Giants!: Stories from around the World

Giants!: Stories from around the World

by Paul Robert Walker, James Bernardin

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Editorial Reviews

Children's Literature - Victoria Crenson
Folk literature is full of stories about enormous giants who walked the earth "long ago, in the time before time." Many of these folktales also tell how a smaller, but wily race called human beings eventually defeated their larger, more powerful rivals. Walker has gathered seven giant stories from around the world, some familiar, such as "Jack and the Beanstalk" and "The Cyclops," and others new to us and delightfully strange such as "Kana, The Stretching Wonder" from Hawaii and "Coyote and the Giant Sisters" from the Pacific Northwest. Why did people from such varying cultures all believe in giants? Walker suggests that giants' footsteps are a good explanation for earthquakes. Thunder sounds very much like giants laughing and brooding mountains look like...well, sleeping giants!
School Library Journal
K-Gr 6-Seven stories from around the world. "David and Goliath," "Jack and the Beanstalk," and "The Cyclops" from Homer's Odyssey are here, but with significant changes from the familiar versions. For example, in "David and Goliath," the narrative is more developed than the biblical narrative, with more motivation. Even Jack's story, based on its first published version, makes more sensethe giant stole the riches from Jack's father in the first place. Of greater significance is the remainder of the tales, from South Africa, the Pacific Northwest, Hawaii, and Norway. These giants are unknown to many readers and therefore their behavior is less predictable, their functions more varied. Usually, it is the human reaction to the giant in any Western fairy tale that is the real focus. Not necessarily so here, where there may be no people at all, or where the giant may simply be a mutant human. At the end of each selection Walker notes its genesis and reasons for any changes he made. The range of behaviors, the lively narration, as well as the unobtrusive scholarly references make this a satisfying collection. The painterly illustrations, one full-color vignette per story, with a few line drawings interspersed, are as realistic as they can be, given their subjects. The creatures' gaping, gross features are bold and terrifying, and the perspectives are dizzying.Ruth K. MacDonald, Bay Path College, Longmeadow, MA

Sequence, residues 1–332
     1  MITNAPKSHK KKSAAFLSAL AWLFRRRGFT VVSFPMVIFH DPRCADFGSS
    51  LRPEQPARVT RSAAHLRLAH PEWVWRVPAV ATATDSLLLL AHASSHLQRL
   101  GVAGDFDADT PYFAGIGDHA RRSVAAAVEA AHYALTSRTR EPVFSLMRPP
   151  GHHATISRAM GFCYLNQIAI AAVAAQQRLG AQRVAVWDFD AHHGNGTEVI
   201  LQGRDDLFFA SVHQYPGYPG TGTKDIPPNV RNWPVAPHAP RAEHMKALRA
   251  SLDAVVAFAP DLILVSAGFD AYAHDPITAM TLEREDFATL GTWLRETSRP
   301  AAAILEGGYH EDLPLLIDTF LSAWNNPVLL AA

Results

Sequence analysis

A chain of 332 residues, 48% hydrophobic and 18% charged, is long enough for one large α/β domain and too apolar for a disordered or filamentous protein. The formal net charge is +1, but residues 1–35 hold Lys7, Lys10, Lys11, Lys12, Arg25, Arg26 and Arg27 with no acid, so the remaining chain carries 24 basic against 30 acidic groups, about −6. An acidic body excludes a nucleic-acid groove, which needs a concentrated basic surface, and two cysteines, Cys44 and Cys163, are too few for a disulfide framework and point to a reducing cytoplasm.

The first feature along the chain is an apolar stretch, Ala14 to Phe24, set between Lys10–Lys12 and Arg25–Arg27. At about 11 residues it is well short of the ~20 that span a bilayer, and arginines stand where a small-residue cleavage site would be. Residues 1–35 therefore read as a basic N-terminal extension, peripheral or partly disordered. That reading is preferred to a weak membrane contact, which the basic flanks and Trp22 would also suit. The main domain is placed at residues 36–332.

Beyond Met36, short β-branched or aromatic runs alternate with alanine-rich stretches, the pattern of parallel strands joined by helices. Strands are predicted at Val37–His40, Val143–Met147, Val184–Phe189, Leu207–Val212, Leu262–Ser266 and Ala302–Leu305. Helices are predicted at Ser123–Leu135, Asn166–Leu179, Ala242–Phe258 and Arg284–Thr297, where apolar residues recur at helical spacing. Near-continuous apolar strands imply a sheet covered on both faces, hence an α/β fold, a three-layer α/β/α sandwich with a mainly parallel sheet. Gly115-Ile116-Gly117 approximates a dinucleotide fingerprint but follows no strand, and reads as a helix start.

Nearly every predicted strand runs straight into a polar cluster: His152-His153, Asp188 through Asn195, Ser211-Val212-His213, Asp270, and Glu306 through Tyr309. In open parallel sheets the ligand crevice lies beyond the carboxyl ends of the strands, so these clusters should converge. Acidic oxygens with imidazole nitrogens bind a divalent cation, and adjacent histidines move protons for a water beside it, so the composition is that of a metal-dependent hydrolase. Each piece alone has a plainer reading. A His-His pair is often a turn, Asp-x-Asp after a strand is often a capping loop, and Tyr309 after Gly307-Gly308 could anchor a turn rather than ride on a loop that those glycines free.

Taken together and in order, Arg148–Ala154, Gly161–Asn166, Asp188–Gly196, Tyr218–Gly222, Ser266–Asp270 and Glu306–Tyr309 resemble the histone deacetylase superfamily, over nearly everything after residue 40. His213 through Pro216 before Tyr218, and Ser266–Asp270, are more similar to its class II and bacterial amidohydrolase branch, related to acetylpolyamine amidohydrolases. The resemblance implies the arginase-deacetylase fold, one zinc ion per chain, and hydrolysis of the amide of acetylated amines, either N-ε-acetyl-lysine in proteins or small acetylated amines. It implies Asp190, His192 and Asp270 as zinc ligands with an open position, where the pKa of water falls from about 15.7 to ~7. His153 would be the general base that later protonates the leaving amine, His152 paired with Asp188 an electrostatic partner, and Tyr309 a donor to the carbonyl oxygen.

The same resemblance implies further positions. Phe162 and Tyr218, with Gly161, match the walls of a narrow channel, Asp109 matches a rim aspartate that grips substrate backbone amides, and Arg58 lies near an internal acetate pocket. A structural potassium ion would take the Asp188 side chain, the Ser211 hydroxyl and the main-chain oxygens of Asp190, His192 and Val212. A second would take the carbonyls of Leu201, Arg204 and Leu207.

Kay Weisman
nger for reading aloud. In this companion to "Big Men, Big Country: A Collection of American Tall Tales" (1993), Walker presents seven classic giant stories. His choices, both familiar ("Jack and the Beanstalk," "The Cyclops," and "David and Goliath" ) and lesser-known ("Kana the Stretching Wonder," "Coyote and the Giant Sisters," "The Cannibal's Wonderful Bird," and "The Giant Who Had No Heart" ) hail from Europe, Africa, North America, the Middle East, and the Pacific. Walker has researched the better-known variants of each tale; his own retellings represent composites of several versions. Each story is appended with source notes that will be of interest to children as well as adults, and a bibliography of original editions. James Bernardin's gouache paintings and pencil drawings make for elegant bookmaking, although the stories will be just as successful presented orally. A solid choice for family reading or as a resource for storytellers.

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Product Details

Harcourt Children's Books
Publication date:
Edition description:
Product dimensions:
8.88(w) x 11.26(h) x 0.54(d)
Age Range:
9 - 12 Years

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